Since 1978 the Turkish military has been fighting against the Peshmerga and paramilitary groups like the PKK and the KFF. The dispute is centred around the independence of Kurdistan, a region of the Middle East home to the Kurdish people that spans part of modern-day Turkey, Iran, Iraq, and Syria. Although much of the recent political developments have been around the independence of Iraqi Kurdistan, the Turks believe that this will fuel secessionist feelings in the south-east of Turkey. Because of this ongoing conflict the Turkish military has split its focus between bombing the Syrian military, ISIS, and the Kurds. The West has an ally that is undermining all the forces in the region, thus continuing the stalemate. Western leaders need to act to make peace between the Turkish government and the Kurds, because the continued bloodshed does nothing to end the war in Syria.
Peace has remained elusive despite a number of attempts by different negotiating teams however defeating ISIS requires new ideas. I personally believe the answer can be found in Cyprus. In 1974 Turkey invaded Cyprus in order to undermine a coup d’état that the Turks argued violated the 1960 Treaty of Guarantee. After this initial invasion in July, the Turks reinforced their troops in August which captured around 40% of the island. A ceasefire was signed later that month and the UN Buffer Zone in Cyprus was set up. The Green Line, as it is also commonly known as, divided the island into the Republic of Cyprus and the largely unrecognised Turkish Republic of Northern Cyprus. The Green Line acts as a demilitarised zone that is policed by UN peacekeepers, and because of this settlement the situation has remained largely peaceful over the last 40 years.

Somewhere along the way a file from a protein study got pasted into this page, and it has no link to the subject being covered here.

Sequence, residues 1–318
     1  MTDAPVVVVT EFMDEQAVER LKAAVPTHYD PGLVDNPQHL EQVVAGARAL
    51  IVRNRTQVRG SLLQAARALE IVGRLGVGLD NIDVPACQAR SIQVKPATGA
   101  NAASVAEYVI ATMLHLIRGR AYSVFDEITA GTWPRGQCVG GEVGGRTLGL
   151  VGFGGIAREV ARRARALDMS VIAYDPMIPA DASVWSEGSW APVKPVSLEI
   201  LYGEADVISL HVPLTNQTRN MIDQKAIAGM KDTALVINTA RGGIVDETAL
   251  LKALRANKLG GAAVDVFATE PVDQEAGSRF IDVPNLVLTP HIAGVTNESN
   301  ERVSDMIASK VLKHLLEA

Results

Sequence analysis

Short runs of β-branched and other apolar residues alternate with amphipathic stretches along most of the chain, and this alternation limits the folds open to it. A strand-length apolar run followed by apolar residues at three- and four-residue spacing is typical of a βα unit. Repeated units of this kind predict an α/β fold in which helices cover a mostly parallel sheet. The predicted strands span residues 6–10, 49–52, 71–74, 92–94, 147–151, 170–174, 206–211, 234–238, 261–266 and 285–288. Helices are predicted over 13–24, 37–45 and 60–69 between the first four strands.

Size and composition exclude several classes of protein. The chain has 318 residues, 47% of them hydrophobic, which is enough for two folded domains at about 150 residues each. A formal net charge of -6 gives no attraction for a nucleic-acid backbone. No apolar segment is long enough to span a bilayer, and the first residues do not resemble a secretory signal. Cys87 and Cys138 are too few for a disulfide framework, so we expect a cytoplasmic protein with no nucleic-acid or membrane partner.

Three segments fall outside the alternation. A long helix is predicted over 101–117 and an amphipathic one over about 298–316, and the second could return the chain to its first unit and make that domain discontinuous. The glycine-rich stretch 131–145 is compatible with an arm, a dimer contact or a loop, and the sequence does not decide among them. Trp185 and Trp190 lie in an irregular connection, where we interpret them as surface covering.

A similar DMZ around Turkish Kurdistan staffed by Blue Berets would force the two sides to focus on a common enemy. The Turkish military would be physically prevented from attacking pro-secessionist paramilitaries and as such would be forced to focus on other targets, the top of this list being ISIS. Also, paramilitaries would no longer have to divert forces way from the front-line battle against ISIS and the Pershmerga wouldn’t have to guard against Turkish air strikes.